Being Kind Takes Work

Mister Rogers in the age of Trump

If you as a child had even a passing familiarity with Mister Rogers’ Neighborhood, you don’t need anyone to tell you to hop the trolley to the Neighborhood of Make-Believe — or rather, to get yourself to a theater to see Morgan Neville’s new documentary, Won’t You Be My Neighbor? 

Neville is a clear-eyed, empathetic documentarian (his 20 Feet from Stardom is a must-see), and his take on Fred Rogers is a movie we need almost as badly as some of us needed Mr. Rogers himself, back when we were small. 

Part of why we need it is that as a culture, as a country, we’ve clearly forgotten the lessons Mr. Rogers taught us. Neville is too deft a filmmaker to come right out and say it, but as he explores the way Rogers taught children to grapple with their feelings, to accept other people and to accept themselves, it’s clear that what he’s showing us isn’t just a paean to the goodness of one man. It’s a reminder that being good, accepting others, being kind — these things take work. Necessary, difficult work.

The world doesn’t always reward that work, or take it seriously. For every scene in which Rogers triumphs, whether with a Senate subcommittee or a child, there’s one where his work is mocked, parodied, blamed for an entire generation’s supposed problem with feeling “special.” Most of the movie takes place in the middle ground, in the everyday work of being Mr. Rogers: introducing kids to difficult concepts, maintaining a numerically meaningful weight (143, code for “I love you”), or making a powerful point through the simple act of sharing a kiddie pool.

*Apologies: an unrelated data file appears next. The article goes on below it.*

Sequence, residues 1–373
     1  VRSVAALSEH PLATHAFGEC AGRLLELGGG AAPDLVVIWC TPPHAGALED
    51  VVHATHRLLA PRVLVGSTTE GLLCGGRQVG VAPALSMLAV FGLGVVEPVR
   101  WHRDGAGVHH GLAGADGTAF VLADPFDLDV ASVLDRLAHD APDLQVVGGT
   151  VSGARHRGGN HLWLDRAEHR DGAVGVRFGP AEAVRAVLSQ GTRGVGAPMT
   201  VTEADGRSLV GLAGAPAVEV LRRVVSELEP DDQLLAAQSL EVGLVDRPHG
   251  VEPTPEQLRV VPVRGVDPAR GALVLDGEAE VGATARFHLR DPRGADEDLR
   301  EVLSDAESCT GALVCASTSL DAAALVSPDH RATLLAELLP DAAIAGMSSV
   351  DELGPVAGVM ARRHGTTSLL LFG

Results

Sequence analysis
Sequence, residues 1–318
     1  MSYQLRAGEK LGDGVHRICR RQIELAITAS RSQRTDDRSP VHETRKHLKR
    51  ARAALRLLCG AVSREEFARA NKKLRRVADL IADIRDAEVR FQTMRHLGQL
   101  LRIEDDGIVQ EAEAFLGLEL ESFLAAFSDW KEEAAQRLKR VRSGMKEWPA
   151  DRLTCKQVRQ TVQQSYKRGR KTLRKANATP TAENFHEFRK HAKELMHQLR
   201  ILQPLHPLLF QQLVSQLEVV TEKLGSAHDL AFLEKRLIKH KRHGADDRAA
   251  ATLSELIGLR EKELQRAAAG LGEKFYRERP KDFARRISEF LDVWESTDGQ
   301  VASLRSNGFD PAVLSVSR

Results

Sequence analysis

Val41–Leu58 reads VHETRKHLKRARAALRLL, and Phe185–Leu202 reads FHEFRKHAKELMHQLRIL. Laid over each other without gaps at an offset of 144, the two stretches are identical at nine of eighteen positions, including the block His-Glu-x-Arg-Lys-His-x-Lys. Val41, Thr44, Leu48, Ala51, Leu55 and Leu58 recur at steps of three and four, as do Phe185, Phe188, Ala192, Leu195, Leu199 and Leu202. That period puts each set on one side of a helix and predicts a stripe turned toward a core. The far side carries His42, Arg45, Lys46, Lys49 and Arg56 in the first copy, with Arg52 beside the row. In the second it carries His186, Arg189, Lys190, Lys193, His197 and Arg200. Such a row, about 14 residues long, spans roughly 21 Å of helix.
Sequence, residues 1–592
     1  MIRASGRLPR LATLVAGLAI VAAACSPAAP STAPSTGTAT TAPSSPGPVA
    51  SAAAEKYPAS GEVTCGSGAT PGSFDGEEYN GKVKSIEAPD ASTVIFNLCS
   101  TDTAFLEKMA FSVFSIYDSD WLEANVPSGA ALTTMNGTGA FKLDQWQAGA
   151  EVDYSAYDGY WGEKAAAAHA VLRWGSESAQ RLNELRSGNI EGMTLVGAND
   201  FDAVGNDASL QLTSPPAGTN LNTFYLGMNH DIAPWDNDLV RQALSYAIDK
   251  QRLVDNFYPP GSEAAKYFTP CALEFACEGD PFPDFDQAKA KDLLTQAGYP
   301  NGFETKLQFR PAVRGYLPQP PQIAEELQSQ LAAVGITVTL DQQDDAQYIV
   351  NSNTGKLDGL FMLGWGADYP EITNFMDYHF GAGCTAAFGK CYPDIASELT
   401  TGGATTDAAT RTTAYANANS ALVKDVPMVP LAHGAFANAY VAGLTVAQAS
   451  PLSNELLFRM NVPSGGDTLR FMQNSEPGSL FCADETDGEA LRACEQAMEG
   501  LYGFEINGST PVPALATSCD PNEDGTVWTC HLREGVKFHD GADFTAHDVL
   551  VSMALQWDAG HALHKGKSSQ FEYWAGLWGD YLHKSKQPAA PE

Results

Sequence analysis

Fred Rogers wasn’t a saint. But what we see of his determination, of his drive, and of his flaws underscores the fact that being Mr. Rogers — turning that smile on every child; making space for anger and fear and self-doubt; maintaining that soothing presence — was a choice. 

As many writers have observed, there’s a question implicit in Won’t You Be My Neighbor?: What would Fred Rogers, who died in 2003, make of the media-saturated, rage-filled world we live in now? Aren’t we living out the world he rejected, where everything on TV goes whiz-boom and it’s not pies hitting people in the face, but axes? What do we get from TV, if, as Rogers understood, what we see and hear on the screen becomes who we are?

I ask myself this when I watch Westworld, which would have been a better show in a pre-Game of Thrones world; when I turn off The Walking Dead; when show after show tells me that most people are terrible and will continue to be so. But there are glimpses of something else, even now. In the season finale of The Expanse, a show that’s as much about humanity’s failings as anything, a pastor named Anna finds herself unable to care about someone. It rattles her. “I try to care about everyone,” she says. “It’s exhausting.”

Anna is no Mr. Rogers — except there she is, in the future, trying to care about everyone, and winding up broadcasting a message of peace and hope to a very rattled world. I’ve been thinking about her constantly. The work of caring, of not giving in to cynicism, is exhausting. But think of Mr. Rogers, and keep doing it.

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